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Posers and Puzzles

Posers and Puzzles

  1. 27 Apr '08 22:38
    This number has 9 digits, uses 1-9, and repeats no numbers. It is divisible by 9. If the most right digit were not there, the number would be divisible by 8. If this step were repeated on the next number, the remaining number should be divisible by 7. This goes on until the last number would have 1 digit and be divisible by 1.

    Please show how you got there, and your solution, and I will tell you if you are correct. It took me about 10 minutes to figure this out, so I will post the answer (if no one is right) in about 10 days.
  2. 27 Apr '08 23:16
    My start is that the number is of the pattern OEOE5EOEO where O is odd digit, and E an even, due to divisibility by even numbers and 5.

    Furthermore, 2 and 6 occupy the second and last even spot, as both of these are the only numbers which are divisible by 4 when they follow an odd number, which leaves 4 and 8 for the 1st and 3rd in some order.
  3. 27 Apr '08 23:22
    Originally posted by geepamoogle
    My start is that the number is of the pattern OEOE5EOEO where O is odd digit, and E an even, due to divisibility by even numbers and 5.

    Furthermore, 2 and 6 occupy the second and last even spot, as both of these are the only numbers which are divisible by 4 when they follow an odd number, which leaves 4 and 8 for the 1st and 3rd in some order.
    You got the OEOE5EOEO right, but I am not sure what you mean by the next part? Could you clarify?
  4. 27 Apr '08 23:26
    Originally posted by UzumakiAi
    This number has 9 digits, uses 1-9, and repeats no numbers. It is divisible by 9. If the most right digit were not there, the number would be divisible by 8. If this step were repeated on the next number, the remaining number should be divisible by 7. This goes on until the last number would have 1 digit and be divisible by 1.

    Please show how you got th ...[text shortened]... 10 minutes to figure this out, so I will post the answer (if no one is right) in about 10 days.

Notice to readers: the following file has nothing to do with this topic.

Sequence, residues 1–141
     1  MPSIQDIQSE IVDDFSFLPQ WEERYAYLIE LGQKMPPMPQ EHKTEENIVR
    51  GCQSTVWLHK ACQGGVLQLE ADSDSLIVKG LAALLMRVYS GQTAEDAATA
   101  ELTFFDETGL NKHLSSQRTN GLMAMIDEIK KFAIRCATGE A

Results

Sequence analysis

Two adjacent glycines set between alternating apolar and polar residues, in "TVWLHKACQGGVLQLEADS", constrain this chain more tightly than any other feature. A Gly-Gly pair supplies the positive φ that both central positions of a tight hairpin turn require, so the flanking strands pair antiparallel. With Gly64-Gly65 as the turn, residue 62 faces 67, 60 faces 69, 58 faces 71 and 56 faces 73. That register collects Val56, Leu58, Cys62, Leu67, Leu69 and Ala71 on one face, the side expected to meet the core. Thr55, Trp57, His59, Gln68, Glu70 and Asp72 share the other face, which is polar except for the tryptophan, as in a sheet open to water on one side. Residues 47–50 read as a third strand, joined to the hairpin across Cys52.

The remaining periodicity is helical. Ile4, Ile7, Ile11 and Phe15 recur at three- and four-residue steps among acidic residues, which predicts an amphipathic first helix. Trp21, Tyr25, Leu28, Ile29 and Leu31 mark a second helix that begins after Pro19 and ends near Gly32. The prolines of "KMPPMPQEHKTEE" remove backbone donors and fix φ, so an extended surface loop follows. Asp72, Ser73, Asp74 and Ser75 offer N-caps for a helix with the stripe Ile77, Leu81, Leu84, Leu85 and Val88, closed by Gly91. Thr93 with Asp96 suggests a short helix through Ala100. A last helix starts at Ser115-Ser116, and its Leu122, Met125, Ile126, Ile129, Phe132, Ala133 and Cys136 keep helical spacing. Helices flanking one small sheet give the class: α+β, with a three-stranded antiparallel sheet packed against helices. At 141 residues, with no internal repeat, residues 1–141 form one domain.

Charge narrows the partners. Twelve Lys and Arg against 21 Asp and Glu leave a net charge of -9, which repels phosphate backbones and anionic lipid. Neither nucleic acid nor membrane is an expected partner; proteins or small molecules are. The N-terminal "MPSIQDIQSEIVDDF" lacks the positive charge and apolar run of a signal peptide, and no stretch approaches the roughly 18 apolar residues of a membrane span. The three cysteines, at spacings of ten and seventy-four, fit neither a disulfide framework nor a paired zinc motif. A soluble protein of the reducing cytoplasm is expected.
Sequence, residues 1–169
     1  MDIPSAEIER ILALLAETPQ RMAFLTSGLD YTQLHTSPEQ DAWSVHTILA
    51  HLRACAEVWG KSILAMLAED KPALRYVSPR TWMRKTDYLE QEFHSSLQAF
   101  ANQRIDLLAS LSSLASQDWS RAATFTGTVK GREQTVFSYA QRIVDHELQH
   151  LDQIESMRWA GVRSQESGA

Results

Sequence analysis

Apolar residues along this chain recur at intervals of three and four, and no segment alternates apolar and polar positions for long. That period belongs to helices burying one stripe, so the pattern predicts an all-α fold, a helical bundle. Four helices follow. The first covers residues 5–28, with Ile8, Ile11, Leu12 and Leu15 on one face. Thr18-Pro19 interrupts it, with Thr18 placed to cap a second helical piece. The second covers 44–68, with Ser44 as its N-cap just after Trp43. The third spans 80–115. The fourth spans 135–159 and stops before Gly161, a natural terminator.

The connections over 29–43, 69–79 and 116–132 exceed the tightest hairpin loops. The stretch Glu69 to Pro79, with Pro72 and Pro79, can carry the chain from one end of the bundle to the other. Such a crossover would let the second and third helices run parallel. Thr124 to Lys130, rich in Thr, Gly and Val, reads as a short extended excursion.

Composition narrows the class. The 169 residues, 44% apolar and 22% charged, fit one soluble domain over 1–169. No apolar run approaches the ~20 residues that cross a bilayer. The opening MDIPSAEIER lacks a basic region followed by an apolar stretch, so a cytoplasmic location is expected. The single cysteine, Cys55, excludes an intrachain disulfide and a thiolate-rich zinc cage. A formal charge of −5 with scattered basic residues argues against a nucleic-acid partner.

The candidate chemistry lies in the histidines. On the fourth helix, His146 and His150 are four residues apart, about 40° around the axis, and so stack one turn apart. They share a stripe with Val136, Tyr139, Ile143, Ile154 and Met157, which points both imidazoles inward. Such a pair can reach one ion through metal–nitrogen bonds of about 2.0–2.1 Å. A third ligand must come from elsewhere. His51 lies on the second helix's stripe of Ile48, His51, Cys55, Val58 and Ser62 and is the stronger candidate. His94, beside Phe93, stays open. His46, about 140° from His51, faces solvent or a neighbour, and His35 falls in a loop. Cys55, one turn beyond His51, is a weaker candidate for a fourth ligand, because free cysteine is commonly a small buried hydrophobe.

381654729

    I don't know if this is a unique solution. My method was as follows:

    A) Observe that divisibility by 9 for the whole thing is inevitable - the digits sum to 45, a multiple of 9. Divisibility by 1 for the sole digit is also obviously inevitable.

    B) Positions 2, 4, 6 and 8 had to be evens, and the rest odd, fairly obviously.

    C) Position 5 had to be 5.

    D) Position 4 had to be either 2 or 6. The reason for this is that any odd digit followed by a 2 or 6 will be a multiple of 4, but an odd digit followed by a 4 or 8 won't. For divisibility by 4, only the last two digits are relevant.

    E) Similarly, but slightly less obviously, because position 6 is even, and hence position 6 multiplied by 100 is a multiple of 200 and hence of 8, it follows that positions 7 and 8 combined had to be a multiple of 8. Stripping out those with doubled up digits and zeros, that means only 16, 32, 72 or 96 were candidates, which makes position 8 either 2 or 6.

    F) Positions 1, 2 and 3 had to sum to three. Because the three-digit number was a multiple of three, the 6 digit number would be a multiple of three, multiplied by 1,000, plus three more digits, which meant that the number at the next three positions had to be a multiple of three, so digits 4,5 and 6 had to sum to three. By the same logic, so did the digits 7 through 9.

    G) That left me the following: